Editorial note

This issue of Policy Quarterly commences with five articles on aspects of government regulation in New Zealand. A separate editorial note (see below) by Dr Peter Mumford and Keith Manch summarizes the purpose and content of these articles. Collectively, these pieces provide an insight into the evolving nature of public regulation in this country, not least the important quest for better regulatory stewardship and improved regulatory practice.

The remaining eight articles fall into two categories. First, there are five articles on various topical policy issues from a range of (mostly academic) contributors. These cover the following matters: the ethical, societal and policy implications of artificial intelligence; the extent of income volatility in New Zealand; trends in top pay in New Zealand; ways to enhance education on civics and citizenship; and the implications of climate change for household insurance.

The final three articles are from students in the Graduate Pathway Programme in the School of Government: Alice Denne, Matthew Macfarlane and Danijela Tavich. These articles are based on research undertaken by these students as part of their internships with various public and nongovernmental agencies. This is the first time Policy Quarterly has published such material, but I trust it will not be the last. My grateful thanks to Dr Barbara Allen, who coordinates our School’s Graduate Pathway Programme, for suggesting the idea of having these students contribute to the journal and for overseeing the preparation of their articles. New Zealand has a new government. The February issue of Policy Quarterly will, accordingly, include reflections on the political and policy implications of the change of government. In the meantime, I trust that readers will find much of interest in the November issue.

Jonathan Boston


Articles on regulatory issues This issue of Policy Quarterly continues the regulatory theme that has emerged over the past couple of years. This recognises the critical role that regulation plays in maintaining a society where people are safe and secure, and an economy that supports growth and prosperity. Recent regulatory failures have graphically demonstrated the costs when regulation does not deliver on its promises, and parliament has ‘upped the game’, by requiring under the State Sector Act that chief executives exercise ‘stewardship’ over the legislation administered by their agency.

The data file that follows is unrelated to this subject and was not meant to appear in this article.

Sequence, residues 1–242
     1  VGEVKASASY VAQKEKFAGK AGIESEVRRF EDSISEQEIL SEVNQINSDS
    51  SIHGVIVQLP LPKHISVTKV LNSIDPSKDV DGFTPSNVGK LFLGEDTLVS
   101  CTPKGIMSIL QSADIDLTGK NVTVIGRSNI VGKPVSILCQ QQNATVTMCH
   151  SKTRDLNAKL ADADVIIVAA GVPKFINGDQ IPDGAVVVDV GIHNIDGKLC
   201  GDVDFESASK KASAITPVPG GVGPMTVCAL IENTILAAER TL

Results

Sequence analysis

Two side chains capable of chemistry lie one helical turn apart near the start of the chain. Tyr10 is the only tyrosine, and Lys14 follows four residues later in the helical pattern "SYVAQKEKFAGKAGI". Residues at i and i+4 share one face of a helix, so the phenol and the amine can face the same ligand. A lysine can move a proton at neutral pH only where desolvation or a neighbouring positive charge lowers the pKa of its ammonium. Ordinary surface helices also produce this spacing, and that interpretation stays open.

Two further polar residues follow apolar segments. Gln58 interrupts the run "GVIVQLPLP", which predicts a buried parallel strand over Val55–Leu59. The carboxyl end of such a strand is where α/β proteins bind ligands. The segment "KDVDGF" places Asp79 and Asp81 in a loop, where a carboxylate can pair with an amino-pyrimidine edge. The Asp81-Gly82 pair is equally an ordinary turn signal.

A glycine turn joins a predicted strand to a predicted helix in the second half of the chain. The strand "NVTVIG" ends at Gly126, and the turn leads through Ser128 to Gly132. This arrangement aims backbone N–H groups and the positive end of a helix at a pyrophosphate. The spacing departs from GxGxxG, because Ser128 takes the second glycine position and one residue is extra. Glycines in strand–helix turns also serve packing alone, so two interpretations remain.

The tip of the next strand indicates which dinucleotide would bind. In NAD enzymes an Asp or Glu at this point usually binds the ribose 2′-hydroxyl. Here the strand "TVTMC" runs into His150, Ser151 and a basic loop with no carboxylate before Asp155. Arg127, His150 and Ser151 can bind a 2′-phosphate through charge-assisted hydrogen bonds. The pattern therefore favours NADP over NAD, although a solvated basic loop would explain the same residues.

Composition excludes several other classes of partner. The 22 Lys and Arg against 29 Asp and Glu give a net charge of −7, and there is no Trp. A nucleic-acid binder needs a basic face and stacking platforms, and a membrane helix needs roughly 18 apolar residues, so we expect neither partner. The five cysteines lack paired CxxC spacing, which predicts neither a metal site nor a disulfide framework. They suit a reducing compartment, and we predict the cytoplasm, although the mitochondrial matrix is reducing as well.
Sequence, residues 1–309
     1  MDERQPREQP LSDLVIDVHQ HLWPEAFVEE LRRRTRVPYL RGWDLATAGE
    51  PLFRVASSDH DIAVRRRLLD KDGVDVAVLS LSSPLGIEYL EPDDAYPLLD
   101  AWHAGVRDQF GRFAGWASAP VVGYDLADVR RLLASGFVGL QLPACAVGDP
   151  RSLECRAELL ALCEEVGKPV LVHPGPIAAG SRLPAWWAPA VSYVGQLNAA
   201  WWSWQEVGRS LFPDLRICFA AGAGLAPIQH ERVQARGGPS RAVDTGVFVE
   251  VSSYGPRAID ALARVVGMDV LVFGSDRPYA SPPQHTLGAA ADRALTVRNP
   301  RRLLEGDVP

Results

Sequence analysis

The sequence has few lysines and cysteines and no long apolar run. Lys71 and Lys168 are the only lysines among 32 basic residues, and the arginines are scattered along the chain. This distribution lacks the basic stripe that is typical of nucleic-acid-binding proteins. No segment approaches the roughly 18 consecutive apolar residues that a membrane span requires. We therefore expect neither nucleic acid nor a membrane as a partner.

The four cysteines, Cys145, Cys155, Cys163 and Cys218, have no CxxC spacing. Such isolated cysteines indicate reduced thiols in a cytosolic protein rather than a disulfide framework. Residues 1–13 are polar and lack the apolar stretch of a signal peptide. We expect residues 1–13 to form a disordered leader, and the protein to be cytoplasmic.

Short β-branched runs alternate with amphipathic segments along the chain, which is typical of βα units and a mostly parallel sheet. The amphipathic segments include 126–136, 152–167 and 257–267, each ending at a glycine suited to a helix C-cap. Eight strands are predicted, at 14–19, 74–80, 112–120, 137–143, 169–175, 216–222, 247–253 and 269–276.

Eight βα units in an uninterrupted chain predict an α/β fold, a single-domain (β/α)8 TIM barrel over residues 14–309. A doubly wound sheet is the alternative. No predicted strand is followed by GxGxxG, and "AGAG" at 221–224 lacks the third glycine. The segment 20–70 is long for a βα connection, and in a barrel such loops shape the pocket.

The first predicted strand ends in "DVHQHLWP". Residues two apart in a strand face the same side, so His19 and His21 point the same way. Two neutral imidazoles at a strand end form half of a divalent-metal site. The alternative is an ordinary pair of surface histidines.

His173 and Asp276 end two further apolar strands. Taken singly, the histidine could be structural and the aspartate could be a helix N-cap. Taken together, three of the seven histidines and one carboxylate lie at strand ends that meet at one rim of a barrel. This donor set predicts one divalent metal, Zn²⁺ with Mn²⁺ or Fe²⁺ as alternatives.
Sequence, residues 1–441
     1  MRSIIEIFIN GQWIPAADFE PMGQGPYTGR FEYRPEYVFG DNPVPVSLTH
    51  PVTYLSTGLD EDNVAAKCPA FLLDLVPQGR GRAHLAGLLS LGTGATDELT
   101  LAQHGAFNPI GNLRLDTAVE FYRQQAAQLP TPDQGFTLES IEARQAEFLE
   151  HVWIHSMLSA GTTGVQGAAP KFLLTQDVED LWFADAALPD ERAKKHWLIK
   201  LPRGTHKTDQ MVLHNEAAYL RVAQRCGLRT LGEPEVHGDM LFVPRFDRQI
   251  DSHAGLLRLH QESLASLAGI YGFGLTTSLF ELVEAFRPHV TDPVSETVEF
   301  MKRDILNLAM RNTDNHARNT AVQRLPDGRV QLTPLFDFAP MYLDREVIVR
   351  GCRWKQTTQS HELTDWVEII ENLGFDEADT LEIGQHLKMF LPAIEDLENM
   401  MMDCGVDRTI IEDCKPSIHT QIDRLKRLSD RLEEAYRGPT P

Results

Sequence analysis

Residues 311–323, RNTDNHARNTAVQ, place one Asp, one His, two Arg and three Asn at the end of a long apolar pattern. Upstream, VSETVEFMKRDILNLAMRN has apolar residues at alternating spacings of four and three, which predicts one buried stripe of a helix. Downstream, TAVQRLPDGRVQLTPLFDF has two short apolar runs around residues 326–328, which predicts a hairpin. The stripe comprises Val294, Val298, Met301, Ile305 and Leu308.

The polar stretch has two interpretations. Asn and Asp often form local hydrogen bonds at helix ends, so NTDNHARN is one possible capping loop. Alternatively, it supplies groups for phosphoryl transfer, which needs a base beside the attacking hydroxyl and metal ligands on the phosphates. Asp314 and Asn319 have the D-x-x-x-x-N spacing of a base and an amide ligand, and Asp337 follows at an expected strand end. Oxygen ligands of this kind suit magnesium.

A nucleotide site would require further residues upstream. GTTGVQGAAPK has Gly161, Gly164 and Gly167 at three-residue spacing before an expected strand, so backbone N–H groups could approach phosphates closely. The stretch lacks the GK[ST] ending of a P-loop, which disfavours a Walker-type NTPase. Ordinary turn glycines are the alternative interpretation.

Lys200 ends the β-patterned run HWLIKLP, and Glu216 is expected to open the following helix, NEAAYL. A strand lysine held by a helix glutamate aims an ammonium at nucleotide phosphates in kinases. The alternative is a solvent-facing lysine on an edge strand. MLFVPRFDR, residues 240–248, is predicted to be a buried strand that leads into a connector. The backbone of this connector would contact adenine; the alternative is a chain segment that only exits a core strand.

The five regulatory articles traverse a number of issues. Two are conceptual. The first, by Stephanie Winson, argues that regulators have a lot of value to offer in the policy development and review process. You may or may not agree with Winson’s assertion that policy analysts may ‘dismiss or may not appreciate’ the real world of regulatory compliance. However, she makes a compelling argument that regulators have unique insights that can be exploited through good leadership and collaboration across regulatory systems, underpinned by effective information management and competency.

Ben Wauchop and Keith Manch tackle the contentious subject of whether regulated entities (those who are required to comply with the law) are ‘customers’ of the agencies that are regulating them. Does it matter what they are called? In his seminal work on the philosophy of language, Wittgenstein concluded that ‘Different words create different worlds’. From this perspective it does matter as both regulators and those they regulate may condition their behaviours based on what they understand the term ‘customer’ to mean.

A further two articles provide insights into the regulatory practice world. Both deal with critical infrastructures – ports and rail, and both deal with safety. The quest for better regulatory outcomes can involve experimentation and the ports and rail safety stories show how the regulatory regimes have evolved based on what both the regulators and regulated entities have learned from experience.

Keith Manch emphasises the features of coregulation that align the mandates, incentives and capabilities of the national regulator, local government regulators and port companies. Chris Ballantyne shows how the regulator first had to recognise the need and then change its regulatory culture, capabilities and ‘rules of thumb’ to implement effectively the safety case approach that was introduced through legislative change in 2005.

Finally, New Zealand has implemented the most modern regime for regulating outer space activities and high altitude vehicles originating from its territory. Kirsty Hutchison, Katherine MacNeill, Peter Mumford and Val Sim describe this regime and what it seeks to achieve. Put into the context of regulating disruptive technologies and markets so that the benefits are secured while managing the risks, this article puts a stake in the ground for a permissive approach which facilitates innovation and entrepreneurship, but with rigorous checks and balances to ensure that what is permitted is safe and secure.

Keith Manch and Peter Mumford on behalf of the Government Regulatory Practice Initiative (G-REG). With thanks to Dr Veronica Jacobsen for her contribution to the editorial review of the five articles.

NB: This is the entire issue of Policy Quarterly November 2017.  Individual articles will be posted progressively.

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